Ilaria Venturini Fendi may be a scion of the Roman fashion dynasty known for its leather handbags and furs. But for her, luxury is I Casali del Pino, the organic farm she owns 30 minutes from Rome, where she’s opening an agriturismo this fall. The cozy inn’s 19 rustic-chic rooms are furnished with wrought-iron beds, salvaged tiles, and under-floor geothermal heating. The eco ethic is nothing new for Fendi: her accessories company, Carmina Campus—which is also run from the farm—creates totes out of “upcycled” materials (venetian blinds; mosquito nets). There’s a restaurant serving dishes such as lemon-ricotta ravioli with pine-nut pesto. And the pecorino cheese on the menu? That’s courtesy of Fendi’s own flock of Sardinian sheep. 39-06/3089-5688.
Photo by Monika Hofler
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Carmel by the Sea, California
This 20-room whitewashed hotel, in tony Carmel-by-the-Sea, is just four blocks from the Pacific and 120 miles south of San Francisco.
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From top: Photos courtesy of The Chesterfield; The Madison; L'Auberge Carmel.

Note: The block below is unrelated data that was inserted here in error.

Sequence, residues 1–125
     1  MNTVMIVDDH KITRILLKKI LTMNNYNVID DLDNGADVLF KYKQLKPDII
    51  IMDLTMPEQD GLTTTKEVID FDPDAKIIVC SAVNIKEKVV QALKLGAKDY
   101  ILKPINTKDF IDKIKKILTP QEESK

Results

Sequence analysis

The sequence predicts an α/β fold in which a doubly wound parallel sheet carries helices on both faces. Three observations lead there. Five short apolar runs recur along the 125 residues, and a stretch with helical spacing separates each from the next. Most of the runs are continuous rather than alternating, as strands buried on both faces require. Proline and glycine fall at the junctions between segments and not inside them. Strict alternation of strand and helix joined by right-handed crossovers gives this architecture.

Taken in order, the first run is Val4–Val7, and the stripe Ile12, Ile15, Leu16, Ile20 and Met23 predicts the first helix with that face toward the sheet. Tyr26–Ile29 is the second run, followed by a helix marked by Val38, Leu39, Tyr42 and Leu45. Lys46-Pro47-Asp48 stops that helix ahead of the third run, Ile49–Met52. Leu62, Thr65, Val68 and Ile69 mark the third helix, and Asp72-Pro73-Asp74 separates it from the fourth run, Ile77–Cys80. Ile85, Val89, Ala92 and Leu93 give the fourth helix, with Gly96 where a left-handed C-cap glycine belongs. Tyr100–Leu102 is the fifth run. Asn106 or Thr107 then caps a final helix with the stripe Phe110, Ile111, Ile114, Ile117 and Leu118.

Celebrated Italian restaurateur Sirio Maccioni (the man behind New York's Le Cirque and a handful of other restaurants across Las Vegas and now New Delhi) returns to The Pierre with Sirio Ristorante, forty years after serving as maître d' at the same hotel's venerable La Forêt supper club kickstarted his illustrious career.
Travel + Leisure is having a minor love fest with the Austrian capital of Vienna these days—its buzzy contemporary arts scene, revitalized Biedermeier districts, proximity to an increasingly wonderful wine country, perennially spirited cultural calendar, and most recently, the opening of a new luxury hotel.
In grand Viennese style, the Ritz-Carlton property (the company's first in Austria, ninth in Europe, and 80th worldwide) is housed in not one but four 19th-century palaces along the elegant and centrally located Vienna Ringstraße. The hotel's exterior is classically opulent, yes, but it's the property's interiors that make it so special.
Belgraves, A Thompson Hotel, has launched Project Bell Boy, collaborating with renowned English hairstylist Errol Douglas MBE to design custom coifs for Belgraves’s trendy front of house team that “pay homage to the hotel’s location in the chic Belgravia neighbourhood.”
Meanwhile, there’s a new Belgraves Big Night Out package (until December 23, from £1,200) for guests, which includes an overnight stay in one of the hotel’s top suites and a visit to Douglas’s Motcomb Street salon for a blow-dry or a cut; afterwards, you’ll be chauffeured to your West End nightlife venue of choice. The project is set to continue into 2013 and to launch at Thompson properties around the globe, each of which will offer destination-specific hairstyling tips.